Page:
Excerpt from “Rest for the Wicked”

Posted a little later than I intended, but still posted!

This is somewhat old stuff, and more than a bit theological, but it’s the only complete scene I really have that I’m not working on for the book on hand.

Enjoy. ūüôā

Continue reading Excerpt from “Rest for the Wicked”

Barren Times

I’ve been a bit derelict, haven’t I?¬†A whole semester ran me by without so much as a nod of a post.

I should be ashamed of myself. And I am (but only a little.)

For nearly three months, I scarcely wrote. I wrote one short story that I still haven’t gotten around to typing up. I added a chapter onto my STALKER fanfiction, and¬†haven’t touched it since, even though the story really was going quite well.

And other than that, didn’t write a thing, except¬†sloppy essays and some knavishly contrived plots for my Dungeons and Dragons campaign.

Until the last week, I was worrying I might never put out another story.

Then suddenly an idea came to life, God touched my forehead, and 25,000+ words spilled out onto the page. I have a novel now. Well, part of it.

And God willing, I’ll have a full one by the end of this semester.

The concept, for those interested, is¬†a¬†low fantasy set in 14th century¬†Moravia / Bohemia,¬†Slovakia, and Romania, following the adventures of the Teutonic knight-baroness, Kyreleis von Gottschalk and her companions various, as she searches for her missing brother, who left her and her plague-stricken mother nearly twenty years ago, while fending off¬†the many enemies she’s made in her rather inglorious and unchivalric rule over the fief of Zmeyorod.

There is a series planned as well. The original outline, I discovered, was for a work of far too massive a scale for me to ever reasonably fit in one book. I mean this not arrogantly; I am simply really bad at planning.

I think I will post an excerpt in the next day or so.

Another Story: Kyrieleis

Sorry about sporadic posts. Exams, projects, papers, and my own lack of self-discipline (or perhaps simply normal discipline that fails to compare to the Roman standards I hold myself to) have all gotten in the way of keeping this regularly updated, as well as writing and generally enjoying life’s other pleasures besides stuffing my face with low quality confectionery.

I was bored, or more accurately, in a frenzied trance induced by Wardruna and my daily ADHD medications (and around 400 grams of sugar), and wrote this piece from start to finish, a short story from the perspective of one of the Syntar, depicted in that other post about them.

With less flapping gums and more content, here it is:

Oh, and if you’re so inclined, I appreciate feedback. It’s by no means required (not that I’d have any way to enforce it; I’m not the CCP), but giving me your thoughts 1) helps me write better stories, 2) inflates my ego that people actually care, and 3) lets me evaluate where this blog is going in terms of audience and content. And 4) makes me very, very happy. And don’t feel afraid to drop links or ask me to visit your blog, being directly impelled to read others’ content is excellent motivation to get out there and see what all everyone else has to offer.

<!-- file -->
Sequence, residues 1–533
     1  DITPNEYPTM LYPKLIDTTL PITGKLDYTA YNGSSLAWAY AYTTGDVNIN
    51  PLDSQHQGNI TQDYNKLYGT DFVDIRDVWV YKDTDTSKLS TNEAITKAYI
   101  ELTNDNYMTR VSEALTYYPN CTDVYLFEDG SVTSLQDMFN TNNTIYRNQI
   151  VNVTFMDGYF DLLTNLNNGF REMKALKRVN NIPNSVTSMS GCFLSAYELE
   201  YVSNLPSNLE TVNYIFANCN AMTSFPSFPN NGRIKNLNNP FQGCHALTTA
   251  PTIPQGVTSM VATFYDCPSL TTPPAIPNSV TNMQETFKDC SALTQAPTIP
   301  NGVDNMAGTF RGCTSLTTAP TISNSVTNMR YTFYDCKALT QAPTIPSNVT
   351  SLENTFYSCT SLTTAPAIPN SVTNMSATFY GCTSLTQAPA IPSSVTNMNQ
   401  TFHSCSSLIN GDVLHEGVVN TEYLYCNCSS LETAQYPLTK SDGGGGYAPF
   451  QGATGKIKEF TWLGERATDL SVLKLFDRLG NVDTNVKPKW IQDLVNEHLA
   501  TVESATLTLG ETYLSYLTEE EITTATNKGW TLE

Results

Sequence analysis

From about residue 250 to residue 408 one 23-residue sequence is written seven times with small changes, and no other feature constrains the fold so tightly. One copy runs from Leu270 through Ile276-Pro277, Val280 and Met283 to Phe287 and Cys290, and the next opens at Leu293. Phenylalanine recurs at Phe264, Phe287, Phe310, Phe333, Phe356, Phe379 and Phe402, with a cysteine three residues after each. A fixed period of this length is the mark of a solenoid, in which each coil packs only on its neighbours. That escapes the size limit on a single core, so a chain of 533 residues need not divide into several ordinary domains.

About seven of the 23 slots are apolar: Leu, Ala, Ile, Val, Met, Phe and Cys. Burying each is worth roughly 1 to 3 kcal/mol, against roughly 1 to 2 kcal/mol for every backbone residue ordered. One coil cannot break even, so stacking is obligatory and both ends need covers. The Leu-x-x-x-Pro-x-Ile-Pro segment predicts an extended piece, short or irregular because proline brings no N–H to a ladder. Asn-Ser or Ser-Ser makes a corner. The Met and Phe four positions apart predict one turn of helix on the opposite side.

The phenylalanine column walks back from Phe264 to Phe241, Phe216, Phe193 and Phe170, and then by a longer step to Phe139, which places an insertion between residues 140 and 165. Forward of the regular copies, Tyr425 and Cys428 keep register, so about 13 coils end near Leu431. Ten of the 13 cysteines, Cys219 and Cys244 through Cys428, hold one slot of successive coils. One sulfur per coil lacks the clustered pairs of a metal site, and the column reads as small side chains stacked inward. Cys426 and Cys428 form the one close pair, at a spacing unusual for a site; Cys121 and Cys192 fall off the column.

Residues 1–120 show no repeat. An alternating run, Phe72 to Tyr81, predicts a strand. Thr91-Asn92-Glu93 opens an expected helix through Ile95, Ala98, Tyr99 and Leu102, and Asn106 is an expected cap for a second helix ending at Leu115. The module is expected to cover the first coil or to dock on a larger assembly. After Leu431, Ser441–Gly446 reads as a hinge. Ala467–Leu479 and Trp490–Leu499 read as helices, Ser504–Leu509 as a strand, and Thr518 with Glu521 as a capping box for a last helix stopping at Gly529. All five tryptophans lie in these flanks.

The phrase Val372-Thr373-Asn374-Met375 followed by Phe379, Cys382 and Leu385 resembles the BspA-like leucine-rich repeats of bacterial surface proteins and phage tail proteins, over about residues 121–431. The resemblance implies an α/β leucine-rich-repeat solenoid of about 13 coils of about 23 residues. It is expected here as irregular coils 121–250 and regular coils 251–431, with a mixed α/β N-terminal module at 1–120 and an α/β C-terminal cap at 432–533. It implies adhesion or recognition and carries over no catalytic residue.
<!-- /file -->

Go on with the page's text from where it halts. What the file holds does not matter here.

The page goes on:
Continue reading Another Story: Kyrieleis

D&D Story #1: No Context

Saturdays are great. Particularly when not taking your ADHD meds.

Contained within Landsknecht of 4/2/2016 are events various such as multiple electrocutions, a satanist cult, attempted assassination, a very unconvincing viking, a vampire, and an explosive tampon.

Read on only if you have an appreciation for the puerile, the crass, and the absurd.

Continue reading D&D Story #1: No Context

A Tale of Two Murderers

Signing on again because…
I had potatoes. And pork chops.

Reasons!

I’ll put up a story, this time in English so my audience can actually read it (don’t actually know how many of my visitors are fluent in Russian or Russians, but I suspect they are few, out of some utterly irrational gut feeling.)

Oh, and this is a LOOOOONG one. I hope that’s alright.

Sincerest apologies for the dearth of incessantly upbeat humor, I’m full of pig and sleepiness.

This is a more or less complete story, open-ended enough that I can change the ending at will,¬†set once upon a time in Sicily to the tune of Ennio Morricone’s¬†“Rabbia e Tarantella,” from the film Allonsanfan and reused as the credits theme for¬†Inglorious Basterds.

Read, enjoy, comment and critique below as you please, but most importantly, maintain regular bowel movements, its unhealthy to let sh*t ferment inside of you.

Continue reading A Tale of Two Murderers

Poetry! Well… Maybe?

This was something I wrote as a culture piece in a indeterminately nearish future grunge sci-fi universe for an obligate carnivore species of seven foot tall metal-scaled horned neo-fascist space viking colonists of a recently deceased empire driven to extermination by a) hubris, b) civil war, c) crapshoot unpredictable sentient robotic war machines, and d) EATING PEOPLE FOR PETTY AMUSEMENT. And their texture.

Continue reading Poetry! Well… Maybe?

It’s Been a While, so Here’s a Game!

Something I didn’t make clear in my previous D&D centered posts is my absurd and self-flagellating obsession with¬†modding. Tabletop games, that is, not computer games (which at this stage still overwhelms my capacity for code lingo.)